Brussels, 9 February 2012
Statement by Commissioner Michel Barnier, following the agreement in trilogue of new European rules to regulate financial derivatives
"I congratulate the European Parliament and the Council on reaching today an important agreement on a regulation for more stability, transparency and efficiency in derivatives markets. It is a key step in our effort to establish a safer and sounder regulatory framework for European financial markets. This matters because we need to restore trust in the financial sector, and because we need the financial sector to operate on a sound footing to ensure a return to sustainable growth of the real economy.
The regulation ensures that information on all European derivative transactions will be reported to trade repositories and be accessible to supervisory authorities, including the European Securities and Markets Authority (ESMA), to give policy makers and supervisors a clear overview of what is going on in the markets. The era of opacity and shady deals is over.
The regulation also requires standard derivative contracts to be cleared through central counterparties (CCPs) and establishes stringent organisational, business conduct and prudential requirements for these CCPs. This will considerably increase financial stability and safety in the EU by preventing the situation where a collapse of one financial firm can cause the collapse of other financial firms. We are clearly learning the lessons of the 2008 crisis.
Negotiations in the European Parliament and the Council have not always been easy but we have reached a very good result. And I trust it will be confirmed shortly by both the European Parliament in its plenary session. I would like to thank all parties involved, and in particular the rapporteur Mr Langen, as well as the Danish and Polish Presidencies, for their willingness to finalise adoption in first reading and their readiness to reach a compromise.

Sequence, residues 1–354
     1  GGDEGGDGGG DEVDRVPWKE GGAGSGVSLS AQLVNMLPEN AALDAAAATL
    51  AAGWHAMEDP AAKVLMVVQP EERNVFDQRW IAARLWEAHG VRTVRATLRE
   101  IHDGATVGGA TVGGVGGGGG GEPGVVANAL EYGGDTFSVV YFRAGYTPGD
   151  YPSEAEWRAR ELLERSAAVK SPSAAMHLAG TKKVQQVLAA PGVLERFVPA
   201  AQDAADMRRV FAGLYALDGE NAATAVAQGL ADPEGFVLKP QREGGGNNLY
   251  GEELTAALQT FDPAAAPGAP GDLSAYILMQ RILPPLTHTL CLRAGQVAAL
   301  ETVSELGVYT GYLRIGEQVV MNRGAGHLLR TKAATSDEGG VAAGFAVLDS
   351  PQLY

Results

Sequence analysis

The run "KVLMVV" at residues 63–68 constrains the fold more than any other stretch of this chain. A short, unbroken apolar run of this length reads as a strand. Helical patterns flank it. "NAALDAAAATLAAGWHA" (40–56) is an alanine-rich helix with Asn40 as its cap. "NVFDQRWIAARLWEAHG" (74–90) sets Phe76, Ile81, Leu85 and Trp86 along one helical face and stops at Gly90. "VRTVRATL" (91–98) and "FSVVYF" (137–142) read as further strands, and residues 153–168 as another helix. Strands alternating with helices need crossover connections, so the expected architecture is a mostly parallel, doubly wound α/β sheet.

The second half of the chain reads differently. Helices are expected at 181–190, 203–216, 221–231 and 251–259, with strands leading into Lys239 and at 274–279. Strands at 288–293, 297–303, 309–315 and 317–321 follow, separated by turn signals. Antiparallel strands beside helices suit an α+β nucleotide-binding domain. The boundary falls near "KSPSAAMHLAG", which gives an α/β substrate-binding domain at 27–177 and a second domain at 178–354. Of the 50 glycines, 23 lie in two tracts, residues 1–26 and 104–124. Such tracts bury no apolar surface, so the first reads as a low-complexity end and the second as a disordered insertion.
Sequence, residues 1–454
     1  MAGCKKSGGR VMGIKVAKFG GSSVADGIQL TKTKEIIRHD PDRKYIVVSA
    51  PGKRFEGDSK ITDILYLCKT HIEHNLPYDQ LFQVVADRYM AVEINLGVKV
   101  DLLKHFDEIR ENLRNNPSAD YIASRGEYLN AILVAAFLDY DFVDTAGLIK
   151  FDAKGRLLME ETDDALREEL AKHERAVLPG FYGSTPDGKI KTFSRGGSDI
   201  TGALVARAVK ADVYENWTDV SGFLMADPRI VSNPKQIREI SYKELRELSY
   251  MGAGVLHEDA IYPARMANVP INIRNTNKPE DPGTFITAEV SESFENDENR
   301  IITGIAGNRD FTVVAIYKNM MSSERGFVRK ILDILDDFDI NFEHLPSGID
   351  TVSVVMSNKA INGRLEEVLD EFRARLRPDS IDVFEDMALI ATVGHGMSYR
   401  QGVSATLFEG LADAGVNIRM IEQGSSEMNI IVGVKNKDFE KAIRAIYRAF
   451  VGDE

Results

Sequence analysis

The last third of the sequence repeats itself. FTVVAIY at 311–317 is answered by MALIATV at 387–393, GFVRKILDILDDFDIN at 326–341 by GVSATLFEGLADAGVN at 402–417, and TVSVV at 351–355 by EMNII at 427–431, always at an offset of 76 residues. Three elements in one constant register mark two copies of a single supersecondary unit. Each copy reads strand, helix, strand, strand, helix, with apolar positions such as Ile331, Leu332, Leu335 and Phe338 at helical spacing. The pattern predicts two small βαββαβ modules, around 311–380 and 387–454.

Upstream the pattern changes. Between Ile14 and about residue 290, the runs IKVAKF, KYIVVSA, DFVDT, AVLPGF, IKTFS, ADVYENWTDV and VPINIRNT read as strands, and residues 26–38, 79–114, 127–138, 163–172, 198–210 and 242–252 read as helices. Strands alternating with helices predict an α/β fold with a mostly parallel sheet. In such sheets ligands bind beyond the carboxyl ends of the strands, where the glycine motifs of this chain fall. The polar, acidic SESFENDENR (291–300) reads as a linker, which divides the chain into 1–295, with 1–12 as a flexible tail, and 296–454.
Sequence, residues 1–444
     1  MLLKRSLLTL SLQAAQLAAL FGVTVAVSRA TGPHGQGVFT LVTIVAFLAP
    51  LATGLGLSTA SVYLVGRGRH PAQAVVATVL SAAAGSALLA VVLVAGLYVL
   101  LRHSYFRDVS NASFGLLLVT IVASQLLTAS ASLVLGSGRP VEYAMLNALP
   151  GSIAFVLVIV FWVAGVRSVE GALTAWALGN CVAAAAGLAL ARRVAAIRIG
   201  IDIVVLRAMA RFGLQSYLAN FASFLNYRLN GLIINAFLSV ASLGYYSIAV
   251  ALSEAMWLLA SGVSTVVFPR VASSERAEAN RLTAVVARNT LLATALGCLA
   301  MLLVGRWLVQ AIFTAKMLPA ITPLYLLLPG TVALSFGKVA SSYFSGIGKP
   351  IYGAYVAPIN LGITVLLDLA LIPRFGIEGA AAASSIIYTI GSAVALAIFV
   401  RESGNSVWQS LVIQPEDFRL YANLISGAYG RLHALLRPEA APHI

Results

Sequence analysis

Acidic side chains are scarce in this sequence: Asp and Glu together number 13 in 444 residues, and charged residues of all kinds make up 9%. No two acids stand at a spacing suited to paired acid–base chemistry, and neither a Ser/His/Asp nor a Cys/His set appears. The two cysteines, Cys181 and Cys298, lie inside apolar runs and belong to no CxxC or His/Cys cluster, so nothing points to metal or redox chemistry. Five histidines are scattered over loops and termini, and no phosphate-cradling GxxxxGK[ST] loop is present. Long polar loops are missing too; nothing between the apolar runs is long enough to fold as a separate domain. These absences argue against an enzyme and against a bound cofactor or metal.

With this agreement, we are making a big step for financial stability. And we are substantially reducing the risk of a future financial crisis, with all its consequences on the real economy, growth, jobs and public budgets. The EU has now also fulfilled its G20 commitments in this field, and on time. I call on all other jurisdictions around the globe, which have not yet done so, to take the appropriate steps to meet our shared G20 commitments.
I also call on the co-legislators to now focus on complementary European rules that we need to agree on quickly to continue strengthening financial markets; in particular we need a swift revision of MIFID (rules on markets in financial instruments)".